On Generous Listeners and Bookshelf-Shaped Buildings

On Generous Listeners and Bookshelf-Shaped Buildings

Our social media and marketing intern reflects on the 2018 Iceland Writers Retreat 

It’s hard to sum up the week I spent in Reykjavik without being reduced to speaking in clichés, but I will do my best to forge ahead. I may even accidentally slip in the term “life changing” a time or seven. But really, when thinking of the Retreat, the word I keep revisiting is generosity. I feel as though I learned something from every single person I met during the Retreat, and I feel very thankful that they were all willing to share their knowledge, stories, and support.

Volunteers at the start of the Retreat

© Roman Gerasymenko

I walked into my first workshop feeling like an imposter. I was there because I was an intern and, in my day job, an editor. I had not considered myself a writer in many years, since completing my undergraduate degree in Creative Writing. Imposter syndrome is not something unique or special, especially for young women, and certainly not for writers. What did feel unique and special was how quickly those around me worked to help banish those feelings of inadequacy.

From the faculty, staff, volunteers, and participants, I learned about the generosity of being a listener. One of the most important traits a writer can have is to be an active listener. To be someone who listens and engages with a conversation or story, rather than simply waiting for their next turn to speak. You never know when a story will find you, such as with Hallgrimur Helgason’s inspiration for Woman at 1,000 Degrees. As I sat in my workshops I was inspired by not only the high-calibre of talent of those who read their work, but also by the level of engagement I noticed from those who listened. The positivity, and warmth, and genuine emotional response from the audience was apparent in every workshop I attended, and in every conversation I had outside of the classroom as well.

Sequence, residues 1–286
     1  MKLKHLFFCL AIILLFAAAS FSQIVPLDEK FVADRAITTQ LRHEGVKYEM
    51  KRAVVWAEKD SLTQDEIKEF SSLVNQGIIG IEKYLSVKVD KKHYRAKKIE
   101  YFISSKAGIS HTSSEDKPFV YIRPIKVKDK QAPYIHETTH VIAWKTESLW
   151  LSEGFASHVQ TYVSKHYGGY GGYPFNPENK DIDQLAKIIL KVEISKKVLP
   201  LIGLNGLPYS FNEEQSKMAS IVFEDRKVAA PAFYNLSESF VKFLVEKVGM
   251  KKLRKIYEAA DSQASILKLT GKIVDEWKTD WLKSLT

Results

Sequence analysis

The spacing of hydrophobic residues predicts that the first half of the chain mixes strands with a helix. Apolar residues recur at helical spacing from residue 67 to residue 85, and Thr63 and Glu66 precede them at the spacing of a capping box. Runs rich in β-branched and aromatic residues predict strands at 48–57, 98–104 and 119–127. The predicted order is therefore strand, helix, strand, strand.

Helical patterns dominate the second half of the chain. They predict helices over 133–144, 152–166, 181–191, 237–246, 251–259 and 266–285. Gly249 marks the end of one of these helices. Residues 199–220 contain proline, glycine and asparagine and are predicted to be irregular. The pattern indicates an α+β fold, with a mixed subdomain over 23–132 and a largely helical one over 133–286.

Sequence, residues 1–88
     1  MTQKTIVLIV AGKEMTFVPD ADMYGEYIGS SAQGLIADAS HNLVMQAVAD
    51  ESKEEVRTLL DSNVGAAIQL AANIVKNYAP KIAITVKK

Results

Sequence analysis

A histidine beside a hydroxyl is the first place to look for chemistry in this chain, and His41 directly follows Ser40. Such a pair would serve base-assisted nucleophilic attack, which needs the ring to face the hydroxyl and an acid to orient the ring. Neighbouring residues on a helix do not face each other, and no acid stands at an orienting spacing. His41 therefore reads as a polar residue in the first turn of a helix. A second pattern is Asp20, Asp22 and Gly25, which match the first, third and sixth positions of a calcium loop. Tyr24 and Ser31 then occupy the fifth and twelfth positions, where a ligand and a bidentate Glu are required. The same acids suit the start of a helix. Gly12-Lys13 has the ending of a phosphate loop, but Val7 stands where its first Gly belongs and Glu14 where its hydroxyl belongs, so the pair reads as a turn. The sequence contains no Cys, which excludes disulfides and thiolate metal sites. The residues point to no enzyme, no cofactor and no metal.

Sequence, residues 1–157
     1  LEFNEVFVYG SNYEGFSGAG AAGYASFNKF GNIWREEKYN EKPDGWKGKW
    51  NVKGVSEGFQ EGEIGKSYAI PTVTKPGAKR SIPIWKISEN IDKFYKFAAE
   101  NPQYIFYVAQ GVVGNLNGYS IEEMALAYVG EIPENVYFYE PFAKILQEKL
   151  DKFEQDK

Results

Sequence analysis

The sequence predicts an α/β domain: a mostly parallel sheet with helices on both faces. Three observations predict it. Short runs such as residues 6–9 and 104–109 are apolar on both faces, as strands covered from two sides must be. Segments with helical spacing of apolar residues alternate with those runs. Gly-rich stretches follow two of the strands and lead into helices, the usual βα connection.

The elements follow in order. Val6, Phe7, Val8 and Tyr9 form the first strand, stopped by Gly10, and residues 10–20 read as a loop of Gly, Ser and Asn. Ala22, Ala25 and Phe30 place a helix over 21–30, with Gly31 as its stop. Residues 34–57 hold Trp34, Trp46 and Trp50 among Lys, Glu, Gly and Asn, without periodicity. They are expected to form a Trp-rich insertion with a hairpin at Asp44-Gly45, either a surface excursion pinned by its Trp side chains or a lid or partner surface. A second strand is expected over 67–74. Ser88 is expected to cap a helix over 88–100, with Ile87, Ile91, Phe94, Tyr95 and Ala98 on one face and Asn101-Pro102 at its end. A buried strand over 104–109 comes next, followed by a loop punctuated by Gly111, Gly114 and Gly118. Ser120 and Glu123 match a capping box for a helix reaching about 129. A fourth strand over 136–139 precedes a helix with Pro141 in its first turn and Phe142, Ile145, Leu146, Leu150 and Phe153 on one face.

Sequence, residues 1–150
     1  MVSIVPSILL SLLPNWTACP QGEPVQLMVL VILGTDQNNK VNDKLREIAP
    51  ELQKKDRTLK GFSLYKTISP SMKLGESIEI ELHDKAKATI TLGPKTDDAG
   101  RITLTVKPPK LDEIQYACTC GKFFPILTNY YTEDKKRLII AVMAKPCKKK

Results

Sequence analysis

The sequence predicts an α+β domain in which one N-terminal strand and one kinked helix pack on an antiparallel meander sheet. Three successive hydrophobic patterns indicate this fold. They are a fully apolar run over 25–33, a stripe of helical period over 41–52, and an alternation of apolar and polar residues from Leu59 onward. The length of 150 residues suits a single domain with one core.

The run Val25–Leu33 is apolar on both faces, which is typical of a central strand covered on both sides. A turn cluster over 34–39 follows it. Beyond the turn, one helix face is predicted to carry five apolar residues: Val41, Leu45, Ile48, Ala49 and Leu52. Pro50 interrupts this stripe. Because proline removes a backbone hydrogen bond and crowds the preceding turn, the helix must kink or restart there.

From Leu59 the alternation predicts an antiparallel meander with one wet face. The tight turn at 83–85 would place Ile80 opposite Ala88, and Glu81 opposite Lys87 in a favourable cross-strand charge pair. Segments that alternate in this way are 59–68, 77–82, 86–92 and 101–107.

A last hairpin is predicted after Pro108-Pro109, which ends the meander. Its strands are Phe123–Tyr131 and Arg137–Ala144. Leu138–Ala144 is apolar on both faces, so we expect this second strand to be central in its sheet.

seljavallalaug

Seljavallalaug, South Iceland

As I’ve travelled around Iceland since the Retreat finished, it is easy to see how this landscape could inspire legions of writers, artists, singers, and other creative types. But even further, in speaking with Icelandic people, it’s easy to understand a culture that celebrates stories and storytellers on a grand scale. Today I visited Hali to see an exhibition about Þórbergur Þórðarson, an Icelandic writer. I’ve been to many beautiful bookstores in my life, but never a museum, hotel, and restaurant shaped like a bookcase. The care and detail put into this exhibition was as awe-inspiring as many of the waterfalls I saw on my trip south. But how could I expect any less when I’ve had animated conversations about literature with almost every person I have met here, from farmers to flight engineers.

Hali

Hali Country Hotel

There is something very special about Iceland, and something very special about Iceland Writers Retreat. I have always loved the energy present at literary events. There is this kind of indefinable sense of potential. I’ve never felt that more than during my week in Reykjavik.

 Jessica Key was the IWR’s Social Media and Marketing Intern for the 2018 Retreat, and will be returning in 2019.

 

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